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In this week's Art Seen, Robyn Maree Pickens looks at exhibitions from James Robinson, Jon Chapman, and Laura Duffy.
“Open Studio”, James Robinson (11 Grey Street, Port Chalmers)
As Rebecca Fox wrote in her feature on James Robinson’s ‘‘Open Studio’’, the artist and New Zealand poet laureate David Eggleton have been responding formally to each other’s work for over a decade.
This particular exchange between the painterly and the poetic is a contemporary iteration of well-known historical creative partnerships in this country such as that of artist Ralph Hotere and poet Hone Tuwhare (to name one poet Hotere collaborated with).
Robinson’s collaborative response with Eggleton is centred on a large mural titled Edgeland Teleprompter Incantation, which runs the length of Robinson’s largest studio space. The mural’s title references the title of Eggleton’s long poem Teleprompter, which is included in his collection Edgeland (2018), while “incantation” describes both the rapid-fire syntax of Teleprompter and the long, slender, flesh-like strips of canvas of Robinson’s mural.
Excerpts of Eggleton’s poem have been written in ink or paint across the vertical and horizontal expanses and are accompanied by Robinson’s amalgamation of washes and graffiti-like arcana. The cumulative effect of these scorched strips of canvas is flayed flesh, which is a fitting response to the tension between the emptiness and excess of consumerism that Eggleton evokes in Teleprompter.
It is a difficult poem to materialise and embody as it too trades in a glut of words to convey its message, but Robinson’s flaying of the flesh-as-canvas captures both the excess and the hollowness between.
“Here I give thanks”, Jon Chapman (Bellamy’s Gallery)
Have you not seen a pie with a twirl of tomato sauce row a lemon out to sea in a small boat? Or modernist painter Rita Angus, who for a period of time signed her paintings as “Rita Cook”, reimagined as Rita Chook?
In this work, Chapman has retained Angus/Cook’s piercing sidelong stare of her famous Self-portrait (1936-37), but transformed her face and neck into that of a chicken. The degree of word play and its transmutation into punning painted scenarios that characterise this exhibition should now be evident from this description of two of the six paintings on display.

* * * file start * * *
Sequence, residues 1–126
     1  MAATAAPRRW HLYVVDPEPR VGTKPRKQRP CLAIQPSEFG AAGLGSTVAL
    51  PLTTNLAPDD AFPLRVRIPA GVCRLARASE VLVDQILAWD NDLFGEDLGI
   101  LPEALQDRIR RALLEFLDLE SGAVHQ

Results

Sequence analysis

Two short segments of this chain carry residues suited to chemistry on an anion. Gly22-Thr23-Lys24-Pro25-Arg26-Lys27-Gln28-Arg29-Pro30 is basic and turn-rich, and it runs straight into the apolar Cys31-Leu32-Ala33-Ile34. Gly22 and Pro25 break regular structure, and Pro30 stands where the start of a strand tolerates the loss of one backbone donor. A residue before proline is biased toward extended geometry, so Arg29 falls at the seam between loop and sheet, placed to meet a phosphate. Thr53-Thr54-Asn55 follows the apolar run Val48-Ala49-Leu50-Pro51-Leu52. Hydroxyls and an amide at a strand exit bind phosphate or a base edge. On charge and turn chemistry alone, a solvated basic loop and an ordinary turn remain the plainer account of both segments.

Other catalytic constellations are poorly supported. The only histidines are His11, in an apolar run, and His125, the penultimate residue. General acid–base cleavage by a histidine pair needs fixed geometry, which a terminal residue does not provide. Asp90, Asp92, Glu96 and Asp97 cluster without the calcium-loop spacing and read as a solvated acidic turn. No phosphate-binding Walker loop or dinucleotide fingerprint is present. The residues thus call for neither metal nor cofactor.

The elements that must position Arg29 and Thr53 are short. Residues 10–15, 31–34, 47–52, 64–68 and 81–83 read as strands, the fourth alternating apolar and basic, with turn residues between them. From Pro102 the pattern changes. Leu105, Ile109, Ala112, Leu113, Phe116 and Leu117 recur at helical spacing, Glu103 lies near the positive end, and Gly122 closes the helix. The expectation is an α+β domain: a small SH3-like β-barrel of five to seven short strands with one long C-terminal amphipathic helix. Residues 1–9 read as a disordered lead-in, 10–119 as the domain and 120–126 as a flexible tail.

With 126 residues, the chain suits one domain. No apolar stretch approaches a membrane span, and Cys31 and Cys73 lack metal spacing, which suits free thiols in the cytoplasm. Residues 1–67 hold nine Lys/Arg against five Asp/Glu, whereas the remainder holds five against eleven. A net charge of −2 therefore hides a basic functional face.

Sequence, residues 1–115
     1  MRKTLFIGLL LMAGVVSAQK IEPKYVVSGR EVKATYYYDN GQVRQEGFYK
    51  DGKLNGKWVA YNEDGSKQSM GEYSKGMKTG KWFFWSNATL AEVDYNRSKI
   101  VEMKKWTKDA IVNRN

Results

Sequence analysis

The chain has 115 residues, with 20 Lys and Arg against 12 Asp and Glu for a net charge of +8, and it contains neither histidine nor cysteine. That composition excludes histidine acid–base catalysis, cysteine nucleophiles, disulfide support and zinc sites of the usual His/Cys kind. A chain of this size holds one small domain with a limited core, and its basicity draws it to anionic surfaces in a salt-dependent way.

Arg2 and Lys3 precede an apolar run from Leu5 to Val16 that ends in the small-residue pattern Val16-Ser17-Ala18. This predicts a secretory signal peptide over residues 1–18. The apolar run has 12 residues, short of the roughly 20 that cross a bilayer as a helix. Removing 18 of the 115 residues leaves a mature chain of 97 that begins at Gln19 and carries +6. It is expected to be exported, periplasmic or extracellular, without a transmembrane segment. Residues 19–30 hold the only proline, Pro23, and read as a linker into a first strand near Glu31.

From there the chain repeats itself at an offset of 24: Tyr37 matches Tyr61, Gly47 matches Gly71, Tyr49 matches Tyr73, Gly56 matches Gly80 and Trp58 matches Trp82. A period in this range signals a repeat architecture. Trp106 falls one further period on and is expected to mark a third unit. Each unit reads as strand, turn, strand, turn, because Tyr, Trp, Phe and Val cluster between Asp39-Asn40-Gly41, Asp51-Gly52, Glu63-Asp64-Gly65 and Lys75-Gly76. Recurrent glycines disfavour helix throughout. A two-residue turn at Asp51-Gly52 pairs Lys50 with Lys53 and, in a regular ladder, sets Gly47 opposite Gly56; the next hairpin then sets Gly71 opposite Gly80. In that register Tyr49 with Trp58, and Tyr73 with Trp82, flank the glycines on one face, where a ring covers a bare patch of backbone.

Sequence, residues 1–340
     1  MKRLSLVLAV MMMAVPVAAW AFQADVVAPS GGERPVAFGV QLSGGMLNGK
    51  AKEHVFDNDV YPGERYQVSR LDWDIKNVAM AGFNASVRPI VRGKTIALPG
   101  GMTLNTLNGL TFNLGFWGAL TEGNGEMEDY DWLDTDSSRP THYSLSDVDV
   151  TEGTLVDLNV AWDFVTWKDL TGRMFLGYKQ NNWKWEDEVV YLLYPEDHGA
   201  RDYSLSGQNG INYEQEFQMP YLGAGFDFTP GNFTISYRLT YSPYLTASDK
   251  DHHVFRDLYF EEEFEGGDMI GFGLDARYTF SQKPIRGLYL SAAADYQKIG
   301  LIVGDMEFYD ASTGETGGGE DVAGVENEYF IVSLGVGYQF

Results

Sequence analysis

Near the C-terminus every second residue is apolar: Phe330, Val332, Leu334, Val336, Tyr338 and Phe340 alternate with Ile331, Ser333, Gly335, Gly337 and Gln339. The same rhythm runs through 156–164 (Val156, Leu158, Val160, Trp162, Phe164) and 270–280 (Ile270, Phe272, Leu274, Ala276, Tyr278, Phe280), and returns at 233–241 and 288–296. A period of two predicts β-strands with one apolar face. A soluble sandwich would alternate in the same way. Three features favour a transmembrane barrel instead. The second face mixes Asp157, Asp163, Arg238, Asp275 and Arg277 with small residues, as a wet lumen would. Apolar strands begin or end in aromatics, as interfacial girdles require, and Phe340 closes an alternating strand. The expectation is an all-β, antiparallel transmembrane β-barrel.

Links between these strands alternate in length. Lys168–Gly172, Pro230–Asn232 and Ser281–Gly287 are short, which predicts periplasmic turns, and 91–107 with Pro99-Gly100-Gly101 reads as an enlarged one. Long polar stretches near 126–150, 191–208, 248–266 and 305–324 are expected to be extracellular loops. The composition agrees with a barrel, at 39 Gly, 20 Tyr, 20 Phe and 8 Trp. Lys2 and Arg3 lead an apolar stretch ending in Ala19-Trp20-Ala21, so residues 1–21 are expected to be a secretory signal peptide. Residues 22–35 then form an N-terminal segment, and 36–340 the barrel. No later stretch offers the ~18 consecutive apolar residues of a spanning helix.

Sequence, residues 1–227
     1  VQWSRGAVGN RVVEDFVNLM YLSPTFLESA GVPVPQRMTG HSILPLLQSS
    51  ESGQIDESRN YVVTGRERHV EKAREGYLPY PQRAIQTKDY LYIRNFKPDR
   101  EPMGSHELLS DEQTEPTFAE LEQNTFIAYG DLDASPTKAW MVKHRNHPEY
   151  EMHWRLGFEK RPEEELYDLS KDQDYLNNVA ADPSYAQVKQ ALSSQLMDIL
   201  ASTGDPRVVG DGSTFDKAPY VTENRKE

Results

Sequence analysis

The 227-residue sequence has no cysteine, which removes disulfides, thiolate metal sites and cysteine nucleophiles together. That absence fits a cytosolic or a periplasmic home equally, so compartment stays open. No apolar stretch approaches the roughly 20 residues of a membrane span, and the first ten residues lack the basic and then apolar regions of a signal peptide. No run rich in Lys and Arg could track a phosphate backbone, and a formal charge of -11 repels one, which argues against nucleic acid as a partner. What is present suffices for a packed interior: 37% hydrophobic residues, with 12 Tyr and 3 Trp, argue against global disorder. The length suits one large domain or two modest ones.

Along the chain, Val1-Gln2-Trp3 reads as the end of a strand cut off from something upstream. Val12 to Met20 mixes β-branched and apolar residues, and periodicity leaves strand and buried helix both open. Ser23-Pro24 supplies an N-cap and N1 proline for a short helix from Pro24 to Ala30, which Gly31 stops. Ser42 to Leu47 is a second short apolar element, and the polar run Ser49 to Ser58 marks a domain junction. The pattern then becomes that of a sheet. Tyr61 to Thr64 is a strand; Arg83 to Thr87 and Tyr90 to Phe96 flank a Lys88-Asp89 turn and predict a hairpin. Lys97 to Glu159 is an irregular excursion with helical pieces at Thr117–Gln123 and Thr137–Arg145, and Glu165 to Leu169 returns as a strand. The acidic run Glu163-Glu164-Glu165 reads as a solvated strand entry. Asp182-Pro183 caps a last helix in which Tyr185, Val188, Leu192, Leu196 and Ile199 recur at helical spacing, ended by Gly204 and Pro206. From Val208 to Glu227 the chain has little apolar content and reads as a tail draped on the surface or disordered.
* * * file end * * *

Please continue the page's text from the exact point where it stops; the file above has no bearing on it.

In addition to revealing his skill across different painting styles — such as figurative (row boat) and hard-edge modernism (Rita) — Chapman has experimented with a medieval-style stacked land/sea/sky-scape in which a family of kiore (Polynesian rat) row a small boat towards a haven of birds endemic to Aotearoa.
The birds are stacked on or around trees in a way that echoes the formal division of the vertical plane into ocean, land and sky. From the mouth of each kiore issues a vertical scroll with the greeting “kia ora” inscribed in medieval script, which is somewhat chilling given the decimation of birds following its arrival.
In addition to the paintings, Chapman has singled out from the archive an advertisement from 1986 for saveloys, and created a monogram for a jersey: ‘‘Mighty Nutritious Mung Bean Mob’’.
“Garden of Purity: Open your mouth wide and I will fill it”, Laura Duffy (DPAG Rear Window)
“Garden of Purity” is an incredibly engaging and sensual compilation of interconnected video works that respond to a queer Coptic poem titled The Thunder: Perfect Mind (c. AD350). Written in the first person (I am), with many declarative phrases, the poem is a fascinating juxtaposition of opposing statements, such as “I am senseless and I am wise”.
The female speaker of the poem primarily negotiates binaries of love and hate, and Wellington-based artist Laura Duffy has manifested this dynamic through the subject of decaying food. The selection of decaying food carries both the implicit pleasure of food prior to decay and the disgust of putrescence.
In contemporary culture women in particular have been forced into a love-hate relationship with food and “body image” that can also cause shame, so decaying food is an apt visual embodiment. Duffy’s subversion and intervention has been to reanimate pleasure, sensuality and beauty in this process of decay.
In this series of works glistening organic, fleshy, visceral forms undulate, coagulate and dissolve as the camera variously tracks horizontally and vertically and partially rotates. Under a microscopic lens, amoeba-like bubbles pool, eddy and fizz, and in one sequence a lava path of honey envelopes a small forest of mould hyphae.
The poem’s juxtapositions of love-hate, pleasure-disgust are figurative enacted by forms that alternately swarm together and separate apart.
-By Robyn Maree Pickens